March 17-23 marks the 51st anniversary of National Poison Prevention Week (NPPW). Pet parents can use this special week of emphasis on poison control as an opportunity to assess the items in your home and garden environment that may be hazardous to your pets. Click here to read a previous article on NPPW.
Each year, the Association for the Prevention of Cruelty to Animals releases a list of the top ten pet toxins. At the top of the 2012 list for the fifth year in a row are prescription human medications. Third on the list are over-the-counter human medications and fourth on the list are veterinary products and medications. This list is based on the more than 180,000 calls received in 2012 by the ASPCA’s Animal Poison Control Center (APCC) in Urbana, Illinois handles about pets exposed to potentially poisonous substances.
The following information on pet poisoning from medications is from the ASPCA website:
“The APCC handled 25,000 cases regarding human prescription medications in 2012. The top three types of medications that animals were exposed to include: heart medications (blood pressure pills), antidepressants and pain medications (opioids and prescription non-steroidal anti-inflammatory drugs). Many of these exposures were due to people dropping their medication when preparing to take it, and before they knew it, Fido had gobbled the pill off the floor.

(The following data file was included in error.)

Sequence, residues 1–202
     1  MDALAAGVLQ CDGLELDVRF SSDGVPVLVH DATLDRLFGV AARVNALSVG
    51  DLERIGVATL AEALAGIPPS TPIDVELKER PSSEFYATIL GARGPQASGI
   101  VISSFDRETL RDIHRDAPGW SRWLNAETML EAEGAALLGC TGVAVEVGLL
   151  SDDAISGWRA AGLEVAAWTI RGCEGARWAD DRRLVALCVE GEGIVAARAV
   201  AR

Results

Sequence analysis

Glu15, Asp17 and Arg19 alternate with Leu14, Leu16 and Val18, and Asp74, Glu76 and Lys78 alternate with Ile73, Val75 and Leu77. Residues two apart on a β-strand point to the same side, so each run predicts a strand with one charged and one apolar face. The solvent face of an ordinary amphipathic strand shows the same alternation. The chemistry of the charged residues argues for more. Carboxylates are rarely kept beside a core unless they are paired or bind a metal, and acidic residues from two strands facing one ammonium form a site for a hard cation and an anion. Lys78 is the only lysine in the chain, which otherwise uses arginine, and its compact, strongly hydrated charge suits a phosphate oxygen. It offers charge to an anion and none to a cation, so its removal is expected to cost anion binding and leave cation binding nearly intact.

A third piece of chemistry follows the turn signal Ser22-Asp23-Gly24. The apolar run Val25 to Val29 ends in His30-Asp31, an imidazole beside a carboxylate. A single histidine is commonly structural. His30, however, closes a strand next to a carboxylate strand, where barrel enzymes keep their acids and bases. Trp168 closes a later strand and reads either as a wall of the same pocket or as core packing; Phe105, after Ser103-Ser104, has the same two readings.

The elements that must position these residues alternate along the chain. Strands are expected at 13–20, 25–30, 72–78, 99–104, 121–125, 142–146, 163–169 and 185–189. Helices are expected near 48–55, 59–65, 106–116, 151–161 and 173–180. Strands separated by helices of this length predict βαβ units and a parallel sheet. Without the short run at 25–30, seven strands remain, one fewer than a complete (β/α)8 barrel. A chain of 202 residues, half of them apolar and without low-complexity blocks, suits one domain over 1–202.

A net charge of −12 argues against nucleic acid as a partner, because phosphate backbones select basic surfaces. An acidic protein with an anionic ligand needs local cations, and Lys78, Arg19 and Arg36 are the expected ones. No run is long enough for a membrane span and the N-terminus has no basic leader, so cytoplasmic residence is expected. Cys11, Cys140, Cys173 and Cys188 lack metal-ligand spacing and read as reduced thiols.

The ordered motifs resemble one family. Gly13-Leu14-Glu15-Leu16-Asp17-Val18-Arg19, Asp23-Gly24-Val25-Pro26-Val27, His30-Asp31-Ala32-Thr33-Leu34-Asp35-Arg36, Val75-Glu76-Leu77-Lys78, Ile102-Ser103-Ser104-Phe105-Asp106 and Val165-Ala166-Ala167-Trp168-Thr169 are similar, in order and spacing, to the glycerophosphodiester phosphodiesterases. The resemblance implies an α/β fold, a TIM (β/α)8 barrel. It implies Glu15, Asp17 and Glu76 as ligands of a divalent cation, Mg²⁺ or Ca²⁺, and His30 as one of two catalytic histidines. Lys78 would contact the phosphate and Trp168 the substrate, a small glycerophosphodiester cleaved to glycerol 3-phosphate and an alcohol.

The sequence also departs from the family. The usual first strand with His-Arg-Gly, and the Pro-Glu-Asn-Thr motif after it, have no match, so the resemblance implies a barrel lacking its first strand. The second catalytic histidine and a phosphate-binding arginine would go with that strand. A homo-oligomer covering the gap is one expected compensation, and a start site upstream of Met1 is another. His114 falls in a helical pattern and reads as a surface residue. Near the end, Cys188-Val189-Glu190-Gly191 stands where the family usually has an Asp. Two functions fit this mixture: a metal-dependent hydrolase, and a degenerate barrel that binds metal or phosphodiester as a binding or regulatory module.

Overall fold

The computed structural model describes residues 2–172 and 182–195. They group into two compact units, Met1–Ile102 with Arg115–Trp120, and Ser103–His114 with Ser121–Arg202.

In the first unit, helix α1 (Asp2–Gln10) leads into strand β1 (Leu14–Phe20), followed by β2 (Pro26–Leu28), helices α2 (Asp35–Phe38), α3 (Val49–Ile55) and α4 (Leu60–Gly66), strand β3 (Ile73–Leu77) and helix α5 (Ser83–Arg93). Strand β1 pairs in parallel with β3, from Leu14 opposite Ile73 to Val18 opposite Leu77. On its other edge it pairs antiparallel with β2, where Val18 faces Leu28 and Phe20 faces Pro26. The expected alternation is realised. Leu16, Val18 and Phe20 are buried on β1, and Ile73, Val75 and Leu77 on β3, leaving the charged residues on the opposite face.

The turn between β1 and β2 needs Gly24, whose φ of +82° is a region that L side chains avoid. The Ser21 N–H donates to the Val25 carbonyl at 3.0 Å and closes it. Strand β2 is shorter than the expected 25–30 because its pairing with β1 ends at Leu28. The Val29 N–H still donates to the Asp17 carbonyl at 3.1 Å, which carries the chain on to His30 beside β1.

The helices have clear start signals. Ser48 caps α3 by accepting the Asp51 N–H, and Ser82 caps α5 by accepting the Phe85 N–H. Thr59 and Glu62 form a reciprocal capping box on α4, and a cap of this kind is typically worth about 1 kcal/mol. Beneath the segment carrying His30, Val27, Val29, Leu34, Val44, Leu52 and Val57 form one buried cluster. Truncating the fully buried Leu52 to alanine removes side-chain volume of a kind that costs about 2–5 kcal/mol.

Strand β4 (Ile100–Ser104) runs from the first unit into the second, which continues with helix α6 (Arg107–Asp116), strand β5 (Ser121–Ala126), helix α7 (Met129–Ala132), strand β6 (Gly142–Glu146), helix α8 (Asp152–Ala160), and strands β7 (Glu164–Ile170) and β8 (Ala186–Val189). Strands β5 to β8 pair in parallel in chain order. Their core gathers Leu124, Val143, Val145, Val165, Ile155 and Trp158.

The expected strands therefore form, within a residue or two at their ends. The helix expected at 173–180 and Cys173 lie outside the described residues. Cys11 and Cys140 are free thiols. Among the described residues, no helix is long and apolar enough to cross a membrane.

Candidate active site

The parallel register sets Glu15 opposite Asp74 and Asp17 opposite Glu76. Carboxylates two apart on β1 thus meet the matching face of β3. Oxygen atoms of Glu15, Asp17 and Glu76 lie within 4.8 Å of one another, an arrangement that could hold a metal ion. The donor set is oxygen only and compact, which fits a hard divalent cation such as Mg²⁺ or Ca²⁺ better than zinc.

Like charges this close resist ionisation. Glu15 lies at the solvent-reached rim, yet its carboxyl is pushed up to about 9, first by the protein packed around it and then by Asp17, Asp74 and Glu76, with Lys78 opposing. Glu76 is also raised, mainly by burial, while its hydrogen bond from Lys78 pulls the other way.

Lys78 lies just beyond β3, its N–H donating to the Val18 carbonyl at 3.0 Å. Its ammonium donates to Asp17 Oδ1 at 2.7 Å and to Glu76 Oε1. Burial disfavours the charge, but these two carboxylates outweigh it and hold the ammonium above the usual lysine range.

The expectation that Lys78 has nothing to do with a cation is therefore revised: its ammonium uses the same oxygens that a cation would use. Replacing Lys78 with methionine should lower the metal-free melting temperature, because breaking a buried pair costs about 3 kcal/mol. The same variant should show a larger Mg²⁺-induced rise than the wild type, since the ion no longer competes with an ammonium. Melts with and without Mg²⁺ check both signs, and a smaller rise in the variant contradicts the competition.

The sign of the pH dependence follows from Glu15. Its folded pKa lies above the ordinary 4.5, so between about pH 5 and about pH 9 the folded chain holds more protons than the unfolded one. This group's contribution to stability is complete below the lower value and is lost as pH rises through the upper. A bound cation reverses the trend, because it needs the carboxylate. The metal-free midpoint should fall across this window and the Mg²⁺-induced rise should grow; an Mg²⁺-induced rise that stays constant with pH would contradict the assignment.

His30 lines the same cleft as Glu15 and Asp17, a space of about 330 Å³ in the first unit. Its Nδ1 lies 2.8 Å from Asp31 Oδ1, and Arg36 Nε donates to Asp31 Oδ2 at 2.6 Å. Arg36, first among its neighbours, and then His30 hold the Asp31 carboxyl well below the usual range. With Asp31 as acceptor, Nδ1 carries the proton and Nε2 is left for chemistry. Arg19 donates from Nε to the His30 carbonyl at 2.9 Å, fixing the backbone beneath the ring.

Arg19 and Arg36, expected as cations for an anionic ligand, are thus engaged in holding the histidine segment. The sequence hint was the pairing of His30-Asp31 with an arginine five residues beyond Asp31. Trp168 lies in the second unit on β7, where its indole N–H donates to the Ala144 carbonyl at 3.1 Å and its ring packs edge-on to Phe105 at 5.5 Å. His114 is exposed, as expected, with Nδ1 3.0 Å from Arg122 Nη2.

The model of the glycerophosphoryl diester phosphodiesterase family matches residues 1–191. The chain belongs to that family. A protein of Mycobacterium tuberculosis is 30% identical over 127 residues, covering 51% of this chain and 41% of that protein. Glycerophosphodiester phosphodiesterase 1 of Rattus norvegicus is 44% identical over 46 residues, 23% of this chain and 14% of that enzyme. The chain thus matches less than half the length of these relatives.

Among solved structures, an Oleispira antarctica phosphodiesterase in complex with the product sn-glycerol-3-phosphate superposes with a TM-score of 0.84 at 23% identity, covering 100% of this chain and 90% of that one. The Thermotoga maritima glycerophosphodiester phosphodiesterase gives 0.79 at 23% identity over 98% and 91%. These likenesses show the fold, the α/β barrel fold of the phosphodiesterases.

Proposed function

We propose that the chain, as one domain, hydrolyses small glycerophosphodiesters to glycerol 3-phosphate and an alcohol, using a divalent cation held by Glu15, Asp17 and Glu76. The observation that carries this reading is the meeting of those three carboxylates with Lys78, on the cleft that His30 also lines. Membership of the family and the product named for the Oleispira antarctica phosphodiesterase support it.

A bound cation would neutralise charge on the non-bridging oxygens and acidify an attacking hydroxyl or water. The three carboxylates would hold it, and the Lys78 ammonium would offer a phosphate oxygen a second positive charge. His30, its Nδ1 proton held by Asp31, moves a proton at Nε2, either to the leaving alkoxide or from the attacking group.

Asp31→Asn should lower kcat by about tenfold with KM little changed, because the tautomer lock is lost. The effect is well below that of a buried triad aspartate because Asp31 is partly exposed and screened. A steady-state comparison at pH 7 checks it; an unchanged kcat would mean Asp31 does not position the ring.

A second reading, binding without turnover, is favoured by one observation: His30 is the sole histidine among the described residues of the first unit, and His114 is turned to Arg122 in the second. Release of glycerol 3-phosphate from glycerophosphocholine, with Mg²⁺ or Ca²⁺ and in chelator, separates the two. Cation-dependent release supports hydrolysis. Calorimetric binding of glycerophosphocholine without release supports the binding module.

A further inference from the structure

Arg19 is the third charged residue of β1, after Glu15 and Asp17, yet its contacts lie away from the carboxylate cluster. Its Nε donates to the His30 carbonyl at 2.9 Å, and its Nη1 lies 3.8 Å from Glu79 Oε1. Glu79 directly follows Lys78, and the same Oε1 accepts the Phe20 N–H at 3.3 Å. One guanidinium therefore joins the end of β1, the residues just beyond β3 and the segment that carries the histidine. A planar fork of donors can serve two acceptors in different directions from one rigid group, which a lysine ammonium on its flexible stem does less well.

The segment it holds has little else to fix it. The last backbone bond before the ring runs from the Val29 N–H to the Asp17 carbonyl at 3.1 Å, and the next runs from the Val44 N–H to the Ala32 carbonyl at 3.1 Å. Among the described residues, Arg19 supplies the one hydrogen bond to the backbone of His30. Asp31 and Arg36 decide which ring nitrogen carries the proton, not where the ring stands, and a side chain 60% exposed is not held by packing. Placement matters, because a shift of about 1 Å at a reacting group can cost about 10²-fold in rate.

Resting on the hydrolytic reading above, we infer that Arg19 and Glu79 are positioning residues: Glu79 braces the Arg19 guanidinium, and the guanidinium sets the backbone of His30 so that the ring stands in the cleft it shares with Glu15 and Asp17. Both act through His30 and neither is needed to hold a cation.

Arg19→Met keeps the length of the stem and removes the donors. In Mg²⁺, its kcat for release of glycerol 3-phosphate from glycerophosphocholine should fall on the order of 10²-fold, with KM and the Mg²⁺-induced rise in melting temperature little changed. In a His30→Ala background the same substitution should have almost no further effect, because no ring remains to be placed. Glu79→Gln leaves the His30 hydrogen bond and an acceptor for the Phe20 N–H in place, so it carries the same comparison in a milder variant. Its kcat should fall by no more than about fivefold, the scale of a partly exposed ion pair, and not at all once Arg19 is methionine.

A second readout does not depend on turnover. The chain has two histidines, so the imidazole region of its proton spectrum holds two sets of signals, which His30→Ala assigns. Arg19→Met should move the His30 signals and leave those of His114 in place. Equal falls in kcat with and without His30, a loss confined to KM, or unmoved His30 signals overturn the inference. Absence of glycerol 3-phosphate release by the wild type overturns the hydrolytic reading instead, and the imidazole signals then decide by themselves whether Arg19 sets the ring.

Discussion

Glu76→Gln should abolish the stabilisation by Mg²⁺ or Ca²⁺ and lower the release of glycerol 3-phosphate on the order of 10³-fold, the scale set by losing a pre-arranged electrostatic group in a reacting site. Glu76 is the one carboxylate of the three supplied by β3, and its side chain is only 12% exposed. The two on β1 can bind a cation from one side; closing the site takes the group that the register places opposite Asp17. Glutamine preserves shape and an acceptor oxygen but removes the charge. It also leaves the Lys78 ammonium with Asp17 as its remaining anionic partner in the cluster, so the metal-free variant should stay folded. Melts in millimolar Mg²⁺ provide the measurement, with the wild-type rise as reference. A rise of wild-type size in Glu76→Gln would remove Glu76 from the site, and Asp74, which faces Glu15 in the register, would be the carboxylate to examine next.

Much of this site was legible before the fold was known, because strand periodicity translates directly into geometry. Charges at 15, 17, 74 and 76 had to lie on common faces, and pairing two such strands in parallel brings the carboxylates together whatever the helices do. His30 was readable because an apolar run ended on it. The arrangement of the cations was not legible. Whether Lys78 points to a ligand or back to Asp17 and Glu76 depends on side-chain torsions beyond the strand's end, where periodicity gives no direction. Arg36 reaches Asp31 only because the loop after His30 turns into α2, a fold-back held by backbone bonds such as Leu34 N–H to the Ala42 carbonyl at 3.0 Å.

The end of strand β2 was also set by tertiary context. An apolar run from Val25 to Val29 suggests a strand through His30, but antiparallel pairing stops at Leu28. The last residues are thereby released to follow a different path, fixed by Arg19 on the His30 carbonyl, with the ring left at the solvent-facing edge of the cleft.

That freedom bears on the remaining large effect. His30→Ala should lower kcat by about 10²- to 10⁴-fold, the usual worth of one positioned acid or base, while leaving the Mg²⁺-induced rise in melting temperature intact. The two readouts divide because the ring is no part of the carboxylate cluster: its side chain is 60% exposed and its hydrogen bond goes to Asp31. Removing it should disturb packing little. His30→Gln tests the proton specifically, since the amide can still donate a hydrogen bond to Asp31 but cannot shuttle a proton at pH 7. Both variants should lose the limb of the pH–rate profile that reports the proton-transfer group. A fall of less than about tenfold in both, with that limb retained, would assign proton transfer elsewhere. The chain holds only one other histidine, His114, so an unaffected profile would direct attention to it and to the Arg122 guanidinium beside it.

More than 18,000 cases that the APCC fielded in 2012 regarded over-the-counter human products. This group contains acetaminophen, ibuprofen and naproxen as well as herbal and nutraceutical products (fish oil, joint supplements). Many of these products are tasty to pets, and some can be life threatening if ingested.
Veterinary products made up nearly 6% of the APCC’s case volume for 2012. Both OTC and prescription veterinary products are included in this group. Flavored tablets make it easy to give your pet pain or joint medication, but it also makes it more likely for them to ingest the entire bottle if given the chance.”
If you have any reason to suspect your pet has ingested something toxic, please contact your veterinarian or the Animal Poison Control Center’s 24-hour hotline at (888) 426-4435. The APCC hotline is available to handle both emergency and non-emergency inquiries and is dedicated to helping animals exposed to potentially hazardous substances by providing 24-hour veterinary diagnostic and treatment recommendations.